De'Mornay Pierson-El (No.15) enjoyed holding a newborn at Nebraska's annual Thanksgiving visits to Lincoln hospitals.
Photo by Scott Bruhn/Nebraska Communications

Brown, Pierson-El Thankful for Nebraska Experience

By Randy York

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If life really is 10 percent what happens to you and 90 percent how you react to it, Nebraska has at least two senior football players who could be valued advocates and appreciative believers every Thanksgiving.

Husker standouts Drew Brown, a stellar kicker from Southlake, Texas, and De'Mornay Pierson-El, a talented receiver/return man from Alexandria, Va., expressed their respective gratitude Wednesday for Nebraska’s lifelong lessons that turbocharged their respective thankfulness.

“This was my fourth year going to one of the four hospitals we visit on Thanksgiving, and it hits you every single time you go,” Brown told me Wednesday. “The experience is a great opportunity to show your appreciation. Taking a couple hours out of your day the day before Thanksgiving motivates you to be a better person and become the best you can be when you move forward.”

Pierson-El agrees wholeheartedly. “The experience makes you cherish the things that you have,” he said. “When you see people going through stuff and still smile, it lights you up. You appreciate the way they hang in there, and you love that you are part of a university that believes in reaching out to others. I used to be nervous when I was out of my culture zone, but not anymore.

“When you see the smiles on people’s faces, you realize why it’s such a great experience,” Pierson-El said. “We’re all together on the day before Thanksgiving and it helps you understand why we’re all so thankful. You think back where you were and how blessed you are to do what you do every day. It’s helped me from where I came from.”

Friday’s Nebraska-Iowa game in Lincoln “will probably be a game I will never forget,” Brown said. “Nebraska has definitely shaped me to be the man I am and hopefully, the man I become in the future. Nebraska taught me so many lessons about life, about football, about adversity. I mean, visiting hospitals is important. It's about caring, friendship and brother-hood.”

That, in essence, is the beauty of Thanksgiving on a daily basis, not once a year for football players.

Adversity Helps You Discover Who You Are and What Drives You

Both Husker seniors believe that adversity helps you discover who you are and what drives you. It also enables you to realize what made you.

In the minds of Brown (No. 34 above with teammate Nick Stoltenburg) and Pierson-El, nothing is more urgent than returning thanks. Both gifted seniors are equally focused on their last game wearing scarlet and cream.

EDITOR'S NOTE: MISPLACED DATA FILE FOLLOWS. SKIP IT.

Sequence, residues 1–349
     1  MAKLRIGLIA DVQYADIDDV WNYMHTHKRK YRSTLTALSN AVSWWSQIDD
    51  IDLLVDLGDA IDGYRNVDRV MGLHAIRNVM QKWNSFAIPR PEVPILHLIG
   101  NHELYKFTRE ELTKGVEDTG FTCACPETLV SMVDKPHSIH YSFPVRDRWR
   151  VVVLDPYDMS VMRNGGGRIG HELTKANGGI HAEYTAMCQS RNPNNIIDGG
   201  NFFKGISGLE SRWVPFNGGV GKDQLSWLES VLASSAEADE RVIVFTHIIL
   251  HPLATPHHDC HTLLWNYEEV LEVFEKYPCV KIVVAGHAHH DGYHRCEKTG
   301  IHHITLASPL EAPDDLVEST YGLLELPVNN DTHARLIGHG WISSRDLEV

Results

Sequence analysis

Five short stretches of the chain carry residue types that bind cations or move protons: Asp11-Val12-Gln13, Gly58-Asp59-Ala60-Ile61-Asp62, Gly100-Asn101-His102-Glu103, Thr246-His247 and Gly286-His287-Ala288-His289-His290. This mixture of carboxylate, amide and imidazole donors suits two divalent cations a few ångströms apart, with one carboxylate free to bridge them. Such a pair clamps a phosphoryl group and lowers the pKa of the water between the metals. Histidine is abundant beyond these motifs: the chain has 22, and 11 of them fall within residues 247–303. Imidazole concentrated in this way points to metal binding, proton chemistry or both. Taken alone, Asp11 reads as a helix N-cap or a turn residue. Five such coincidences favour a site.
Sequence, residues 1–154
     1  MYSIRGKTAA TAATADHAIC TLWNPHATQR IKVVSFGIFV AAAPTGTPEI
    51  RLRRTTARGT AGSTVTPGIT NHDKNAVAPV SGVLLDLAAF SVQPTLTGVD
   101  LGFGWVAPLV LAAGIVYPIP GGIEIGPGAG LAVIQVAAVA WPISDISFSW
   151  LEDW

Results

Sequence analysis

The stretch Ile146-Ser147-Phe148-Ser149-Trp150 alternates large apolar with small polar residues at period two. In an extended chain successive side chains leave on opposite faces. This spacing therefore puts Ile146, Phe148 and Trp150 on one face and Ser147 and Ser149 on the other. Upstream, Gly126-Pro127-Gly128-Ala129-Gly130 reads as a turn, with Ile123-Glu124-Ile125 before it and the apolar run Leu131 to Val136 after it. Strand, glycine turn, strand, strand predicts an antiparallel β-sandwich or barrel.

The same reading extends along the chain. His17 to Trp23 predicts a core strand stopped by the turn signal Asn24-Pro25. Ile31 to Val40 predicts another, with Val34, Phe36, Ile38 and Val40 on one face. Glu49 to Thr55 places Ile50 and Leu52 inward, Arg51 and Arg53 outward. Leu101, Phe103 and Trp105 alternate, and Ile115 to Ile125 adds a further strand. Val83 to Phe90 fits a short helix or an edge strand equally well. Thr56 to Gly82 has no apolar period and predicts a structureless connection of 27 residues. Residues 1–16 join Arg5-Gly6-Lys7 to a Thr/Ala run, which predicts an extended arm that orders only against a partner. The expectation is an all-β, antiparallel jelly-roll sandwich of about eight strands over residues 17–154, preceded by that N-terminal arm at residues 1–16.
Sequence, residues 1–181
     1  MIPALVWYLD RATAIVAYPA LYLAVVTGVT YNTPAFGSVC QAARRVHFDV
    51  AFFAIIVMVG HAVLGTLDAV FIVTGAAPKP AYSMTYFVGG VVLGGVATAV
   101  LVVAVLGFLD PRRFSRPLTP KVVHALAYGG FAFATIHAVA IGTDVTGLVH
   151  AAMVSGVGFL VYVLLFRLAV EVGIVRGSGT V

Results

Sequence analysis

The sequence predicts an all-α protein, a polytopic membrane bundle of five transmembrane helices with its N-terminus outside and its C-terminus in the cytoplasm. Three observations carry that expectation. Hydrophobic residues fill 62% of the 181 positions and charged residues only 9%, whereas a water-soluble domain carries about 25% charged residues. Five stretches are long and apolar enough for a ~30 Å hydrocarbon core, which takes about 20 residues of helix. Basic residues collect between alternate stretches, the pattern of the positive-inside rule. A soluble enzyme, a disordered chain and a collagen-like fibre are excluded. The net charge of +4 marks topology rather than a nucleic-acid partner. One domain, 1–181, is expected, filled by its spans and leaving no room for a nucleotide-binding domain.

“Every experience I’ve had at Nebraska has been valuable,” said Brown, who acknowledges the passing of Sam Foltz, his roommate and best friend. “Sam always thought of others instead of himself, and that’s been one of the greatest lessons I’ve ever learned. Whether something was required or requested, Sam was always ready and willing to go out of his way, so he could put a smile on someone’s face, even if he didn’t know them. I'm so thankful of the caring that Sam showed throughout his life.

“It’s amazing to think back on Sam and all the people that he affected,” Brown said, acknowledging that every day was Thanksgiving for his close friend and roommate. “He was always willing to give rather than receive, and we all learned that from Sam.”

Such experiences help Brown and Pierson-El cope with the Huskers’ losing season and how important it is to beat Iowa on Friday.

“Iowa’s a great team,” Brown said. “They’re well coached, fundamentally sound and physical. It’s been that way since I remember. It’s a game about who runs the ball the best and who can play the best defense and get the most stops. This rivalry typically is not a high-scoring game. Points are at a premium. We’re just going to take it play-by-play and hope to finish the season on a high note.”

Pierson-El embraces the opportunity to be healthy in his last game as a Husker. “I’m going to enjoy this one because it's the last time I put the ‘N’ on,” he told me. “It'll be my one last time to strap that helmet on...we need to get this win.”

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